One could easily be confused that when someone sees the title for a film called The Oranges, it could be a documentary based on the rampant tanning parlor growth within the United States, or perhaps more provincially a biopic on former Washington Post columnist Tony Kornheiser and his family. Yet upon a quicker examination The Oranges is not only a somewhat independent film, but a comedy starring some accomplished actors within television and film, many of which people will recognize. Huh, who knew? Let's give it a spin, shall we?
Written by Ian Helfer and Jay Reiss (Wet Hot American Summer) and directed by Julian Farino (Entourage), the film is centered on two tightly-knit New Jersey families. On one side of the street you have the Wallings; the husband is David (Hugh Laurie, House) and is married to Paige (Catherine Keener, Where the Wild Things Are). The couple has two children in the older, out of the house Toby (Adam Brody, Revenge For Jolly!) and the younger, still living at home Vanessa (Alia Shawkat, Arrested Development). On the other side of the house are the Ostroffs; the husband is Terry (Oliver Platt, The Big C), married to Carol (Alison Janney, The Help), and their only child is Nina (Leighton Meester, Gossip Girl). Vanessa and Nina were longtime friends until a fracturing of their friendship in high school. They remain civil, albeit distant, despite the two families' longtime friendship and love for one another. But then the 'love for one another' part gets a little literal one night when Nina and David make out and eventually start a relationship which throws all the pieces of everyone's lives in the air, letting the chips fall where they may (Note: The image below is an unintentional coincidence).
Most of what occurs in the first act of the film is carried by voiceover from Shawkat, and I continue to admire her development as an actress. She plays the stagnant young adult role well in this movie, and does it with a depth in maturity that I did not think she had. It is a quiet processing of events around her, and when something occurs that upsets her, the vitriol is measured and direct. It's a subtly impressive performance. Along the same lines, seeing Meester in a muted character compared to the little others I have seen of her (which have contained a little more bombast) was a welcome surprise. Like Shawkat, she is also quietly using her maturity as part of her acting, and this could very easily feel like a role that a woman ten years older could have played, that she handles this well is to her credit.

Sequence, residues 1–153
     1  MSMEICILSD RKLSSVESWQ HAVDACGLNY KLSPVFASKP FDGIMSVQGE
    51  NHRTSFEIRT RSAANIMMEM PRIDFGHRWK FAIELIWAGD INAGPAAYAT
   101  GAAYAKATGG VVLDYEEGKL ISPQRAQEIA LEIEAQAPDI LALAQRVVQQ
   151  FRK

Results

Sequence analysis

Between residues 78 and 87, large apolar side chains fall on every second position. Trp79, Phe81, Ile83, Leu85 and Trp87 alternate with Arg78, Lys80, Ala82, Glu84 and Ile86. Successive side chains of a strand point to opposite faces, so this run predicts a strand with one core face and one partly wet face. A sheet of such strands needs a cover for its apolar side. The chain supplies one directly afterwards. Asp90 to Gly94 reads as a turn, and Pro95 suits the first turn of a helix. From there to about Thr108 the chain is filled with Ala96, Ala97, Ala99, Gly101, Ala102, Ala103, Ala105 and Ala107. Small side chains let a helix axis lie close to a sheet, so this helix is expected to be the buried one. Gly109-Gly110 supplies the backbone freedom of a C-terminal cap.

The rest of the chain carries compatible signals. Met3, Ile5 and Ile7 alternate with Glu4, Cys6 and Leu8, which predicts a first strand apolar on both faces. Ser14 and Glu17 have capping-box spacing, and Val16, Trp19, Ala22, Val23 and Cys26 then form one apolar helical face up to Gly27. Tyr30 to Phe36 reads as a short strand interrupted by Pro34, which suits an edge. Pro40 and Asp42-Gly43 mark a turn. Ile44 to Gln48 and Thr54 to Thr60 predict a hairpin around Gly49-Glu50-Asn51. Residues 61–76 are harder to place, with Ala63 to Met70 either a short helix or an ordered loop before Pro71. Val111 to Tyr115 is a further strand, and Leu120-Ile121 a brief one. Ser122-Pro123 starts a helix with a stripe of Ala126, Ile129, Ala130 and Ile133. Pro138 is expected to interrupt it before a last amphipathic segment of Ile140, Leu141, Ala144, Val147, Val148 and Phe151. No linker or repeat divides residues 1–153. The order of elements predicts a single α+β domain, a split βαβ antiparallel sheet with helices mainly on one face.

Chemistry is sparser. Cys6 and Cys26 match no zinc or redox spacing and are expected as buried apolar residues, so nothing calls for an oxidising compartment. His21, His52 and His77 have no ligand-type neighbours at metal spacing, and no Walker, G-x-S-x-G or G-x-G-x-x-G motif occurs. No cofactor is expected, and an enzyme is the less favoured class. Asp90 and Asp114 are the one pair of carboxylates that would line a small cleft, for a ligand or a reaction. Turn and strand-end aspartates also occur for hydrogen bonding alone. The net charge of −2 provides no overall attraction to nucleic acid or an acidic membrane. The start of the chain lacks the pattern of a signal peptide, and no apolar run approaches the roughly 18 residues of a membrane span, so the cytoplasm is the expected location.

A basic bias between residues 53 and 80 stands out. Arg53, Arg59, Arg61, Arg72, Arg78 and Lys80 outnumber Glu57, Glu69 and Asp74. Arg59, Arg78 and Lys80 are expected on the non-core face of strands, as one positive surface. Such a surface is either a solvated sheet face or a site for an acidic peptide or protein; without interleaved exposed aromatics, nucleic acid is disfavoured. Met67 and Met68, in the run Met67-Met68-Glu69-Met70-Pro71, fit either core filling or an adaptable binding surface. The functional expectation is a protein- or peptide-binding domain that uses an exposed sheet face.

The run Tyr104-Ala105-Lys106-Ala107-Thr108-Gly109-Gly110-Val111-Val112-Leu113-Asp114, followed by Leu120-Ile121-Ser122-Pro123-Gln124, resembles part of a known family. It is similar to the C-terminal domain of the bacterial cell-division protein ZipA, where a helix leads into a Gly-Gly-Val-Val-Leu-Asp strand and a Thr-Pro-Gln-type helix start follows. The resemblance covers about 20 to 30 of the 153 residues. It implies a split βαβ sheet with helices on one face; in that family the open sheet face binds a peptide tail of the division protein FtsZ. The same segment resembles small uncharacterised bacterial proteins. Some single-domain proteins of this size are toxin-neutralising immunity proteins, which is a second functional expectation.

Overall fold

One of the problems with the film lays within how these characters are laid out in the story. If they are supposed to be the main story drivers, the film tends to bounce away from them a lot. When Nina starts seeing David, we do not really get to discover much the motivation for either character for doing so. Sure, they 'love each other,' but do they honestly convey why in the story? I don't think so. And as David, Laurie's talents are wasted, to say nothing of Keener, who plays Paige as someone almost under tranquilizers, with erratic behavior after erratic behavior. Thankfully Platt and Janney are delightful with their performances, so much so that if someone does not make a(nother) television show that gives both of them copious amounts of time onscreen together, then the terrorists win.
Sadly from time to time, one runs into a movie that you know very little about, and you are stunned to learn that it even had a theatrical run that was brief and fleeting. And the thing that draws you to the movie is your general astonishment about how many familiar names are in it. But the other correlating experience when discovering said movie is that more often than not, those movies wind up being forgettable. There are moments where The Oranges manages to lift itself from those doldrums, but it is akin to watching someone tread water before eventually going down. The feeling that this is "the thing before the next thing" for a lot of those onscreen is too dominant to overcome.
Presented in 1.85:1 widescreen and in high-definition using the AVC codec, the transfer of The Oranges by Fox is pretty good. The drab greys of a coming holiday season in the Northeast are replicated nicely, with black levels being fairly consistent despite some occasional moments of crushing. Image detail is also good though not consistent though the film, and film grain is present during the viewing experience. The image is prone to an instance or two of softness, but this was decent to watch without being distracting.
I was not expecting much from the DTS-HD Master Audio 5.1 surround track is this slightly ensemble-ish comedy-drama that is dialogue driven, and this pretty much met expectations. There is little panning or directional activity in the satellite speakers (though it is present), and in a sequence when a lawn decorated with Christmas ornaments is destroyed by a car, the subwoofer manages to poke its head up from a prolonged nap. It will not win many awards, but is just fine with the material that is given to it.
Two quick featurettes: "Opening Doors" (6:32) features the cast sharing their thoughts on the story, their respective characters and director of the film, while "Juicy Secrets" (3:22) appears to be much of the same, albeit with the cast during a press junket. A second disc includes a standard definition disc and digital/Ultraviolet copies to round things out.
While The Oranges has its moments among a recognizable cast, the ultimate feeling after watching the film feels like for the people involved that their abilities simply were not fully utilized. Wasted talent and all. Technically, the disc is decent though the lack of extras do not make things any easier. I would certainly give it a look if one is a fan of the younger actresses in here to see what they are up to, but barring that? Pfft.